Giant Robot Store and GR2 News

1muffs2Last week, I went to see an in-store/record-release show by The Muffs at Amoeba. They played most of the great new LP and were as aweseome as ever–combining ultra-catchy girl group melodies with no-holds-barred punk rock attitude and out-of-this-world musicianship. So it was an honor to see one of my pictures printed full-bleed on the insert. Kim and Ronnie had asked me for the file but I wasn’t sure how it would be used or if it wound up on the cutting-room floor. My photography is far from great but the photo looks pretty damn good printed 12″ by 12″ and there is some poetry in the situation.

You might recall that Giant Robot mag was spawned in the era of punk rock zines. Before starting it, Eric Nakamura and I had both contributed to publications like Fear of Grown-Ups, Flipside, and Fiz, and he actually has had photos printed on Muffs 7″ singles. (So did early GR contributor Vicki Berndt.) The print version of GR has run its course but I still go to shows and take and share photos, so it’s very cool that one of them would be used by one of my favorite bands and I would join the esteemed ranks of Eric and Vicki. Thanks, Muffs!

2muffs1I went to some other shows, too… I think it was Pabst that sponsored a night of heavy music at The Echoplex. Deep Six band To The Point opened, featuring members of Fetus Eaters and Spazz. I only caught a few songs but their powerful brand of hardcore was straight-up, filler-free, and a perfect way to fire up the evening.


Next up was one of my favorite bands and the new-school kings of skate rock, The Shrine. Does anyone rip harder or have more fun onstage than the trio from Venice? And are there nicer dudes anywhere? So what could be better than having the homies practically in my backyard at a six-dollar show. No, they didn’t play “Symptom of the Universe” (Sabbath, of course). Yes, they sang, “The Duke” (by friend and supporter Chuck Dukowski). Friends on the East Coast and in Japan, don’t miss them when they head your way.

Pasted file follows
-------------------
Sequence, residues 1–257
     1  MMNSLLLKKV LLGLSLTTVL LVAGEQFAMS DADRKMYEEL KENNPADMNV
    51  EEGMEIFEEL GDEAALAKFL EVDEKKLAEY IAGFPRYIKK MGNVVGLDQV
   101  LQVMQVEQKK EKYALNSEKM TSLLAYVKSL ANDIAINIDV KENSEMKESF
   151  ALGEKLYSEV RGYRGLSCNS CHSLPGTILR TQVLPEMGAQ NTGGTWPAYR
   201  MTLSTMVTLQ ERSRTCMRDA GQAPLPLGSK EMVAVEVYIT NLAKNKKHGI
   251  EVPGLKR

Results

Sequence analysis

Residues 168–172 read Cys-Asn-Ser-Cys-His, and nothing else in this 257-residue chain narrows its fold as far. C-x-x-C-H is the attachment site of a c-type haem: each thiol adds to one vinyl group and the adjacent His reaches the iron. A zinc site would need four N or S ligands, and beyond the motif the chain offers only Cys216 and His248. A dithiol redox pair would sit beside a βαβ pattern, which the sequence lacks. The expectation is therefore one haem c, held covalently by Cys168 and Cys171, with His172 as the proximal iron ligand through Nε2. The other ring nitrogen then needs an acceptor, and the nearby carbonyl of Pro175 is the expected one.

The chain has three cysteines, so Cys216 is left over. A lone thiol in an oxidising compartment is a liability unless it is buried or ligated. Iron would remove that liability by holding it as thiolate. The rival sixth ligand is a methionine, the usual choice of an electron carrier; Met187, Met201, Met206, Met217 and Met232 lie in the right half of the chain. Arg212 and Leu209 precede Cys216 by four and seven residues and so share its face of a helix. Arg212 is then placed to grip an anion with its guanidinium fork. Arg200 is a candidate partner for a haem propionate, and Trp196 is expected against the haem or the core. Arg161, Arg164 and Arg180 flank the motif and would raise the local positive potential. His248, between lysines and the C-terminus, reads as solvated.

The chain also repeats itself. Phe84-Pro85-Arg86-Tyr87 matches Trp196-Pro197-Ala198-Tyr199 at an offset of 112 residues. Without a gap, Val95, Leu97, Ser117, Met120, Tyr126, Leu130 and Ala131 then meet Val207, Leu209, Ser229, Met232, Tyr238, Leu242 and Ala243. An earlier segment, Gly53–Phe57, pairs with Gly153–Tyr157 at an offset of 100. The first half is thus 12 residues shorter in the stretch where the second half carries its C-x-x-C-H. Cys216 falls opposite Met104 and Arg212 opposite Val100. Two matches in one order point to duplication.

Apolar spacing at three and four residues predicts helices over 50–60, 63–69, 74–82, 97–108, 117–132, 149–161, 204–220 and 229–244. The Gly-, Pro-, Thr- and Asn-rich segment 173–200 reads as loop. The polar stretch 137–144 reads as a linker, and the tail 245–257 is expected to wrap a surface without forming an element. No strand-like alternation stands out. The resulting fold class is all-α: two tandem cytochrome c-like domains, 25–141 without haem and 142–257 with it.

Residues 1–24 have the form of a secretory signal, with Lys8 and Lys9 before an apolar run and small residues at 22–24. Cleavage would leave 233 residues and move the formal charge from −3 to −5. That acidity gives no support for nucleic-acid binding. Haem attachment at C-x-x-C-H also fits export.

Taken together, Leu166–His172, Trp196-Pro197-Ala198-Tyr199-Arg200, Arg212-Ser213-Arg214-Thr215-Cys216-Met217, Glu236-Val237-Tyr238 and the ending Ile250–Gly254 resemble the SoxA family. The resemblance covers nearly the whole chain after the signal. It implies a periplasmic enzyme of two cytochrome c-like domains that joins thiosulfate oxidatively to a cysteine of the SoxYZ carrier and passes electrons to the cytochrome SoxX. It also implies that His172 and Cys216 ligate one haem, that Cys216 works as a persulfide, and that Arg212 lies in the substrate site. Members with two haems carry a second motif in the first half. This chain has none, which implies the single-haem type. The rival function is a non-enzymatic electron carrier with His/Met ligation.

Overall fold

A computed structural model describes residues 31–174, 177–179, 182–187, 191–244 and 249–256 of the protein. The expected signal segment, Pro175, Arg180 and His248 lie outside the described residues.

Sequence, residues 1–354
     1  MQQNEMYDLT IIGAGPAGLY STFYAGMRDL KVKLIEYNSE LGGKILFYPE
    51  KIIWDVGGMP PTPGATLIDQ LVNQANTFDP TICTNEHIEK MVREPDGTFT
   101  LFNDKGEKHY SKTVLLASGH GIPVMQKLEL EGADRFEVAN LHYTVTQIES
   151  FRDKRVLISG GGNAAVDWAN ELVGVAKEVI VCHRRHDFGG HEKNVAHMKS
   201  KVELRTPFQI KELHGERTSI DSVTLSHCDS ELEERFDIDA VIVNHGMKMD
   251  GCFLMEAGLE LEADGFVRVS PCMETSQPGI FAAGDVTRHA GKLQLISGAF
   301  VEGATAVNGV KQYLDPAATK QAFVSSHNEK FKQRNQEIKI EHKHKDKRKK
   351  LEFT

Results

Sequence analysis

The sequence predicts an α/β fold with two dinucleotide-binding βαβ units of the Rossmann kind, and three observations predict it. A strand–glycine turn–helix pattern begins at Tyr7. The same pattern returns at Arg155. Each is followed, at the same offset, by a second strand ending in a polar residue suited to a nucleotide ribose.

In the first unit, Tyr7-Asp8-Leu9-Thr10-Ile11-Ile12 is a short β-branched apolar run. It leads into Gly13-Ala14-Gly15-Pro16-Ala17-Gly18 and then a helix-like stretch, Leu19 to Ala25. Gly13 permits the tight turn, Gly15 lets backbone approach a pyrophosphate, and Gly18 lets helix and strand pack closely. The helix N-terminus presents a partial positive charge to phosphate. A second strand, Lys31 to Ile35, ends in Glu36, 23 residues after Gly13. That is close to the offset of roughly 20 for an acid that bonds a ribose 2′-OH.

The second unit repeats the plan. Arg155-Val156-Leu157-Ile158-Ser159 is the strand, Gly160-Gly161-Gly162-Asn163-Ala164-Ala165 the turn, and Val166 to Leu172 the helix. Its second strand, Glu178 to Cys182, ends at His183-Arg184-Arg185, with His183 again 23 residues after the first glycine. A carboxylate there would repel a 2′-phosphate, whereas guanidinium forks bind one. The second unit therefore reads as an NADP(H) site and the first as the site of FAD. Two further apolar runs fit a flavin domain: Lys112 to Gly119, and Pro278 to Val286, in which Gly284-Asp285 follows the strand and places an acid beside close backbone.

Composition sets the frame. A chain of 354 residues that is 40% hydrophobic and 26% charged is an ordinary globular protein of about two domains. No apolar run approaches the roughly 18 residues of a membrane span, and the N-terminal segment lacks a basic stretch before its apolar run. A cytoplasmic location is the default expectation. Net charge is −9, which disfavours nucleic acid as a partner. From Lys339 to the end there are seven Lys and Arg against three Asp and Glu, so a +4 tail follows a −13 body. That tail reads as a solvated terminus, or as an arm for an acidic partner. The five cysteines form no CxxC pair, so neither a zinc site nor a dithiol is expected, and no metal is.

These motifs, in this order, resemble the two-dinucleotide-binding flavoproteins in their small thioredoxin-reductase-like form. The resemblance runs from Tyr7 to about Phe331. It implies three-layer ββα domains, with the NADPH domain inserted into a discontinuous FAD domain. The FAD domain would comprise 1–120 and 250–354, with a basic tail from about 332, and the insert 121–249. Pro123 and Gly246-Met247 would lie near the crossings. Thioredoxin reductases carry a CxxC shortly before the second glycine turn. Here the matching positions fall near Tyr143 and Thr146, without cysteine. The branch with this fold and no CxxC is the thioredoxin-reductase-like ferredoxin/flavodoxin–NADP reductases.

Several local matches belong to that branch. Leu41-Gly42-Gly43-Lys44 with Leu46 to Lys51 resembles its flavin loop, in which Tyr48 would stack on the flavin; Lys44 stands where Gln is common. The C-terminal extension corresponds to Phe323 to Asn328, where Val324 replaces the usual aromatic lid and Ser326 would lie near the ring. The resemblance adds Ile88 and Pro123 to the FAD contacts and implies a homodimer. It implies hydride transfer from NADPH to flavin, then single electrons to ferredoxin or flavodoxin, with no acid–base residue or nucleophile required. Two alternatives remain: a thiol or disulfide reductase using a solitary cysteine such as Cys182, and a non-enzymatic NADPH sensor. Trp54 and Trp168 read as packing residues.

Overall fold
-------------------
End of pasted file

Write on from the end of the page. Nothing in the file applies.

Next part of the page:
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I was pretty bummed when I found out that both Boris shows at The Echoplex were sold out. Also pissed at myself for not immediately buying tickets. After all, how often does one of my favorite bands make it all the way here from Japan–the group that I actually sold merch for when they toured with our mutual friends Damon & Naomi back in 2008. Then out of the kindness of her heart, the very same Naomi hit up Atsuo from Boris on my behalf and he put me on the guest list. What? And thanks!

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OFF!'s free midnight show at the Echoplex

As it was for a lot of you out there, this wasn’t the easiest year for me and my family. Following Giant Robot’s print magazine going on hiatus at the tail end of 2010, I was unemployed with no job leads or responses to my queries for the first six months. Then, after I got an awesome job out of nowhere, the company my wife worked for was purchased by a competitor and shut down. Fortunately, we’ve managed to get by through frugal habits, a rock-solid support system of family and friends, and the PMA. And yes, there have been highlights. Here are ten of them–some of which has been written about in the blog, others merely alluded to, and a couple of odds and ends–in no particular order.

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Boris in J Pop style! I’ve always thought of them as being on the edge of dangerous, from mellow to thick. They were like a modern day Black Sabbath, but this album, New Album is a strange pop hybrid that’s less rock, more J Pop. What happened? Without insulting the trio, the first thing I thought of was Attack Attack, which isn’t good. Yet the album finds some marks here and there and gets shoegaze with “Spoon”. I am hearing anime soundtrack music and undefinable take on contemporary top 40. Click on the link to hear it. (Spin – Boris)
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Almost impossibly, Boris has been stretching out its style, cranking out albums nonstop, and playing super rad shows without disappointing its hardcore fans since it was formed in 1996. The Japanese band has mastered its unique takes on doom metal, ambient noise, psychedelic rock, and most recently, pop, while releasing limited-edition albums, splits, and singles that make record collector nerds sweat. Sharks were expected to be jumped when Boris released two albums at once (Heavy Rocks is heavy, Attention Please has J-pop influences) on a big U.S. label earlier this year but guess what? Both LPs ruled, and I couldn’t wait to hear how the pop mutations would sound live.

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